Downton Abbey is a soap opera at its heart, a less serious show than critically acclaimed series of the period such as Mad Men and Breaking Bad.  However, it also deals with the class structure in an interesting, albeit generally unrealistically sunny and positive way.  The lord and lady of Downton Abbey are generally benelovent, but can’t avoid their learned feelings of noblesse oblige.  Even between the Lord and Lady, there are issues, as the lady is an American who Lord Grantham originally married for her money, which was necessary to save the estate.  The men and women of the serving class deal with vastly different problems than the aristocracy, largely, but also some similar programs.  Downton Abbey takes place at a similar time as far more serious show Boardwalk Empire, when the times are changing rapidly, but the characters largely try to change as little as absolutely necessary to adapt.  The biggest rift, aside from class, is generational, as the three daughters, to various degrees, are far more ready to embrace the less stratified world than their parents and grandparents.

I knew I was on board for good when I started rooting for and against characters, even yelling at my TV, and not in the angry at the show way, but in an angry at the characters way.  As far as the rogues gallery goes, Maggie Smith is fantastic as the cantankerous matriarch of the house, mother to the current lord, the Dowager Countess Violet.  She’s quick with an insult and is a protector of all things traditional, proper and conservative in the wake of attempts at forced changes to the social order from outside the estate.  Her foil is lawyer and new heir Matthew Crawley’s mother, who is the one character who is extremely progressive for her generation, and is the only character stubborn enough to not give in to the Dowager Countess, much to Smith’s dismay.

The most villainous characters are probably footman Thomas and maid Mrs. O’Brien, who are constantly scheming to get their personal nemesis valet Mr. Bates fired.  Bates, a newly hired footman at the beginning of the show, harbors some sort of secret, but seems a much better sort than Thomas (just one season of the show has me describing people as a “sort”).  Thomas is cruel to the other footman, William, and constantly flirts with cook’s assistant Daisy who is just about the only character who doesn’t realize that his affections are reserved for men.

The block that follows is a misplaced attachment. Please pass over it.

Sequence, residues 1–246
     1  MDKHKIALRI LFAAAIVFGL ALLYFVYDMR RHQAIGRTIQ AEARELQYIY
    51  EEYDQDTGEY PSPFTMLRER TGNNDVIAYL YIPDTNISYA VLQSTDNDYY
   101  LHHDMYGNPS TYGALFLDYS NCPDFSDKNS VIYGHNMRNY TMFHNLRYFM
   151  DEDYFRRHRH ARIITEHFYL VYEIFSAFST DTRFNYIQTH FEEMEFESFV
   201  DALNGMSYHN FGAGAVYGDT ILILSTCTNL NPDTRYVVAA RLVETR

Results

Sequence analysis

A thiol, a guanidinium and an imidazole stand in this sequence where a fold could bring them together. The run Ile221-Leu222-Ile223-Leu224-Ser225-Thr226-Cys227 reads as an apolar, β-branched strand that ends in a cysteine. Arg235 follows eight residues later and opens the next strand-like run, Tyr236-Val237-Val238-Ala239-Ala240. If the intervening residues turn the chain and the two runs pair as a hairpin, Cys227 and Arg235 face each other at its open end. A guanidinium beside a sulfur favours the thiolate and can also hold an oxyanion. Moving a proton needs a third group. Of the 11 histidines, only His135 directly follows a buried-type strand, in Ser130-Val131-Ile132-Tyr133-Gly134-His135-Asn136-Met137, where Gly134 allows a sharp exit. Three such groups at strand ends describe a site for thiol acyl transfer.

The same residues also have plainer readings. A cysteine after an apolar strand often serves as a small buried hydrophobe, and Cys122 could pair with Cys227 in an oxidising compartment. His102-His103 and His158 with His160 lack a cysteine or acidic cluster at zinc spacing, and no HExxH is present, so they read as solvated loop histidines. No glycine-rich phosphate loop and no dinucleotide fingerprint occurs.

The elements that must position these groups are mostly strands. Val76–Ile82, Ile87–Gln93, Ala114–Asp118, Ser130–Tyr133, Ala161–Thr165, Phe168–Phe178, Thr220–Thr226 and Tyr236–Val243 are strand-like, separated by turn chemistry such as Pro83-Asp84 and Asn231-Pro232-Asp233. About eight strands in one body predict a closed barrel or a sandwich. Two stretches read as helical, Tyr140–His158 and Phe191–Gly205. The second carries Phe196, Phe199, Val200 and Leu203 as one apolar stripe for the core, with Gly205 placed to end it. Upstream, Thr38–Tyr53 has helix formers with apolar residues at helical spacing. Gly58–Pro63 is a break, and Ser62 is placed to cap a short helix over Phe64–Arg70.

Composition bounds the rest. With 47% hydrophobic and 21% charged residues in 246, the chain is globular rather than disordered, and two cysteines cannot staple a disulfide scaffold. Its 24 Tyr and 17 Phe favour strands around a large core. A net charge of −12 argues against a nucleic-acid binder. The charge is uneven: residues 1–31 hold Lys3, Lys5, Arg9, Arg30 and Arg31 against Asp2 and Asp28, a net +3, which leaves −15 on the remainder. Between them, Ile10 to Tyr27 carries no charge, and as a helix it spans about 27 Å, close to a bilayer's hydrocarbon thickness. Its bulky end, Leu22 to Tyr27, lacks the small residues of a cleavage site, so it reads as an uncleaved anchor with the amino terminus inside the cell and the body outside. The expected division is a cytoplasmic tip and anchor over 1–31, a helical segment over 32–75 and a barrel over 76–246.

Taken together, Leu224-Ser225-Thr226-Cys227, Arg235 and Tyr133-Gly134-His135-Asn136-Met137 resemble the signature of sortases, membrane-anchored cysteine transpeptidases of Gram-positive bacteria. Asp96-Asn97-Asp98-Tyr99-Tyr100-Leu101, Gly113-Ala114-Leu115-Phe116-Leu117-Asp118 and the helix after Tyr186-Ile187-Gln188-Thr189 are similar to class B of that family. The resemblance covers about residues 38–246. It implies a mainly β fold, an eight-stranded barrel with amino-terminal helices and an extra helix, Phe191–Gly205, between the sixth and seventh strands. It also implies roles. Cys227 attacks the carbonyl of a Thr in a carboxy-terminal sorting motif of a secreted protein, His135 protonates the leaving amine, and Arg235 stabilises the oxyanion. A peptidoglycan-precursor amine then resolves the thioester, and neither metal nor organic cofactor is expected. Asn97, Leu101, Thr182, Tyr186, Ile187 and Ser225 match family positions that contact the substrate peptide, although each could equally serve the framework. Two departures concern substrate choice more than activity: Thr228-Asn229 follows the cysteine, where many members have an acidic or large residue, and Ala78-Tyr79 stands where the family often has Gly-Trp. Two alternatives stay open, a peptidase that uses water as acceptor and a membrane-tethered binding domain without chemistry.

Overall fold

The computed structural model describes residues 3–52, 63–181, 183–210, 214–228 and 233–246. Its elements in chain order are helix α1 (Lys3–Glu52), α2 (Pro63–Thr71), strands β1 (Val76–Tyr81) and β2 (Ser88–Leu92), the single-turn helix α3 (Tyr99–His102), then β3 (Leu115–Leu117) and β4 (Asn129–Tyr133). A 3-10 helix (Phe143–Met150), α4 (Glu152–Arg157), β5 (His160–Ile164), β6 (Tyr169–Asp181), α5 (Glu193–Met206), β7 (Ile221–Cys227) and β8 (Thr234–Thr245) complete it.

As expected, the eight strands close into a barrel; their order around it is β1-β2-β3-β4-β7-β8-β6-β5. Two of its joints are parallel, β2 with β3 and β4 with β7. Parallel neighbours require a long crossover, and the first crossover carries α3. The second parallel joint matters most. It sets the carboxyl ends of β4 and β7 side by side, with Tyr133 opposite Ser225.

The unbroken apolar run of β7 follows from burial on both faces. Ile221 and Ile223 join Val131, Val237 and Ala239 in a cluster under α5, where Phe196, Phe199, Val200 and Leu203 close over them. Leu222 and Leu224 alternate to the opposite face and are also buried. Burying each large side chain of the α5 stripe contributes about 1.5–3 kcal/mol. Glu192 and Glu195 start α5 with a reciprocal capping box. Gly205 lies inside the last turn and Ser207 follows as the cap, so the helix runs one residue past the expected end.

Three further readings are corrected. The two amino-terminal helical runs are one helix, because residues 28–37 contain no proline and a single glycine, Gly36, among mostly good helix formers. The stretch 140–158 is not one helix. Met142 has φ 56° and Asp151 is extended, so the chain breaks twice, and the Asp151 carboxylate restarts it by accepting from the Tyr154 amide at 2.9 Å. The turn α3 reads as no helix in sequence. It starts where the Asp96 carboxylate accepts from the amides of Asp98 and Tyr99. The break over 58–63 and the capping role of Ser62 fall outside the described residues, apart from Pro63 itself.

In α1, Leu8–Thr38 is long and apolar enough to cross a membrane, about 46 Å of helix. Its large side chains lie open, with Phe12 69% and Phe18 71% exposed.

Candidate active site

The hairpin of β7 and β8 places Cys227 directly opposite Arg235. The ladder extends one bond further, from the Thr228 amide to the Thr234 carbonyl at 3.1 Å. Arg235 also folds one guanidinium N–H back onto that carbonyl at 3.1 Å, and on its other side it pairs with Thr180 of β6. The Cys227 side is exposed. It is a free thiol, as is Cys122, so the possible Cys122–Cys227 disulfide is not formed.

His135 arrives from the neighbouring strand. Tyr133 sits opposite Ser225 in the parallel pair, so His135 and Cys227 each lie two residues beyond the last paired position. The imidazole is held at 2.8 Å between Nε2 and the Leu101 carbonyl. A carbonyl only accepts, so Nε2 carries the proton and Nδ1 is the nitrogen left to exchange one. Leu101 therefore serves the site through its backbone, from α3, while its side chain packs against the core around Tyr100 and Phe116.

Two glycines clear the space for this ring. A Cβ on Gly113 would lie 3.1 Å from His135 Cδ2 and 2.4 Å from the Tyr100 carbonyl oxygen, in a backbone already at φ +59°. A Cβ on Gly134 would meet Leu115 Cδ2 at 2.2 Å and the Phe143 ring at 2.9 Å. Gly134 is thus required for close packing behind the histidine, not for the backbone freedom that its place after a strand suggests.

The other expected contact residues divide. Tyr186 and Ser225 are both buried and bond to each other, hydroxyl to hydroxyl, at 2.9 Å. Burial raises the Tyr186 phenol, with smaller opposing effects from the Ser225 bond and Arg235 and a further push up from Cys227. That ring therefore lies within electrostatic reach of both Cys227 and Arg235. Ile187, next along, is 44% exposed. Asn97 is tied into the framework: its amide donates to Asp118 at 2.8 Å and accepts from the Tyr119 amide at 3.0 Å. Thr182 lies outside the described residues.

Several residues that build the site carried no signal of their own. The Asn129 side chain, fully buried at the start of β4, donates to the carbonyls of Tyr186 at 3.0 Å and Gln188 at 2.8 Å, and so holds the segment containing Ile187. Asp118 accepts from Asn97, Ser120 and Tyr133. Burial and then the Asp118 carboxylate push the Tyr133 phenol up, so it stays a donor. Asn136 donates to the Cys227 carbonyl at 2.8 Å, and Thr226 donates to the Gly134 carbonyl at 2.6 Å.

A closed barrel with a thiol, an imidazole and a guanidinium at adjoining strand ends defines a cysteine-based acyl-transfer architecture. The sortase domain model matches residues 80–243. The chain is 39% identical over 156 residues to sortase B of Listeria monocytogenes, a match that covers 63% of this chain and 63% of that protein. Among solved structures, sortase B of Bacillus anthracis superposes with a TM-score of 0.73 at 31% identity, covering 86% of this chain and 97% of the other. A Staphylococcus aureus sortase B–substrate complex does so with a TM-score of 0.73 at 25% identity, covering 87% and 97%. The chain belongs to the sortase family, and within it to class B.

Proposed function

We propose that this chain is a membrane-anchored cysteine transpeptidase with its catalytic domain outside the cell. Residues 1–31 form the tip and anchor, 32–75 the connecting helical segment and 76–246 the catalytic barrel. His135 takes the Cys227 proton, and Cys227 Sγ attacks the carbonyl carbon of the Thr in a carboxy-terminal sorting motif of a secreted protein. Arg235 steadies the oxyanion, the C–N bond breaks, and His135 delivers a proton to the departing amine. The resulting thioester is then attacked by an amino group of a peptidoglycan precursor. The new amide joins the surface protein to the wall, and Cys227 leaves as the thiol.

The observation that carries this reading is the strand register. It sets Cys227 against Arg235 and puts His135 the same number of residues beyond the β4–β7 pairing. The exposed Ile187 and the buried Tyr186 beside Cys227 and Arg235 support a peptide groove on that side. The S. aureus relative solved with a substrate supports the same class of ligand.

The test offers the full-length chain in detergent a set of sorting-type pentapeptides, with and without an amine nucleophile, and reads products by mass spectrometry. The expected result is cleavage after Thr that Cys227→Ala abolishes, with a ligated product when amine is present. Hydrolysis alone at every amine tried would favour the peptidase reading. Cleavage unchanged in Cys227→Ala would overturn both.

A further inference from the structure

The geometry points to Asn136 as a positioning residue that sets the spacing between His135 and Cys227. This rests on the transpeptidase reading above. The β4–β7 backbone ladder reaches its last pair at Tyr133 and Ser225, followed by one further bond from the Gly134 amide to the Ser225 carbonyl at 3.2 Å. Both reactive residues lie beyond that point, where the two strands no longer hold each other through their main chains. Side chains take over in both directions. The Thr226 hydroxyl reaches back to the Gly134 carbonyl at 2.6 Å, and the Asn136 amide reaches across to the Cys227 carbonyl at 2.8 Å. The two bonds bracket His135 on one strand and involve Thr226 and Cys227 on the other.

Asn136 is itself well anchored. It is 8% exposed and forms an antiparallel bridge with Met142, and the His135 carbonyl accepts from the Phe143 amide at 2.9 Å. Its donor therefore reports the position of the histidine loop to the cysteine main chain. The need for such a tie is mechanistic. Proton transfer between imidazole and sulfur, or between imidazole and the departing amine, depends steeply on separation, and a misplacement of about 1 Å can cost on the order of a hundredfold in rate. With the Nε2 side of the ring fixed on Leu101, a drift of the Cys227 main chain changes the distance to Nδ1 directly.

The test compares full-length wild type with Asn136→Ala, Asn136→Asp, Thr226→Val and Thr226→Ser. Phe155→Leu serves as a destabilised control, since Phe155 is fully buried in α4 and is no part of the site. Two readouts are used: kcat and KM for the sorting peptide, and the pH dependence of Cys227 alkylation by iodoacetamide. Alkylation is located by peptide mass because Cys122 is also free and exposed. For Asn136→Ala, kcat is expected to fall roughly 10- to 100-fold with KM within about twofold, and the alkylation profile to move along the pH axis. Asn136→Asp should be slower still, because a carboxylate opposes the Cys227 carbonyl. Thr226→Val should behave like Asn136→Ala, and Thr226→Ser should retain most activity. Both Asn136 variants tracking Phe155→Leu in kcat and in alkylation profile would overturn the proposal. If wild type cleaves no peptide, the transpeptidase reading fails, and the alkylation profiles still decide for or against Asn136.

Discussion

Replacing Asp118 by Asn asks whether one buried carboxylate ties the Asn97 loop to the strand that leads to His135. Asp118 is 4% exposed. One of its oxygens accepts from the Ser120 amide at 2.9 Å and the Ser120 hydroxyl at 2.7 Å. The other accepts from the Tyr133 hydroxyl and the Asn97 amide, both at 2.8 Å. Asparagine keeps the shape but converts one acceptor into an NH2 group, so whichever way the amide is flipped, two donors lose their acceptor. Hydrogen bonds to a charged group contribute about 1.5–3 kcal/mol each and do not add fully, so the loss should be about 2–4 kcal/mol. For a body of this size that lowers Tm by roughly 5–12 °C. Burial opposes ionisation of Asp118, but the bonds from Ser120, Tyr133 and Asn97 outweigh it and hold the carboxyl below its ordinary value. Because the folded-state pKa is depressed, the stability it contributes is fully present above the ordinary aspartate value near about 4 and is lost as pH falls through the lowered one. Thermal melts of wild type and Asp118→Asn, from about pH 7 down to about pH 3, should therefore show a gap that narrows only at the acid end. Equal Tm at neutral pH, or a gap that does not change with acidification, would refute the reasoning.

Eldest daughter Mary I wouldn’t quite call a villain, but it’s frustrating watching her constant immaturity on display through the first season, as well as the way she treats her youngest sister Edith, drawing every man’s attention even when she’s not interested, just because she can.  Edith reciprocates with immature behavior to get back at Mary.  There are characters to root for as well.  Middle daughter Sybil is by far my favorite of the three (though the  other two have grown on me over time; it’s a sign of a good show when it’s able to make you like the characters you hated at first).  Sybil gets less screen time than Mary in the first season, but she’s the most political and most willing to attempt to break free from the social restrictions of the time.  Lord Grantham is better 1910s version of Tim Allen’s character in Last Man Standing.  Inherently conservative, but well-meaning, he’s caught between all the women in his life, including his daughters, wife and mother.  He wants to do what’s best within the narrow parameters he’s grown up with, but often ends up mediating a dispute between the women and takes a compromise position.  Matthew Crawley, the new heir, is a middle class lawyer, who struggles to fit into an aristocratic lifestyle.  He doesn’t always succeed, but he manages to turn general resentment from the family when he first arrives to sincere affection.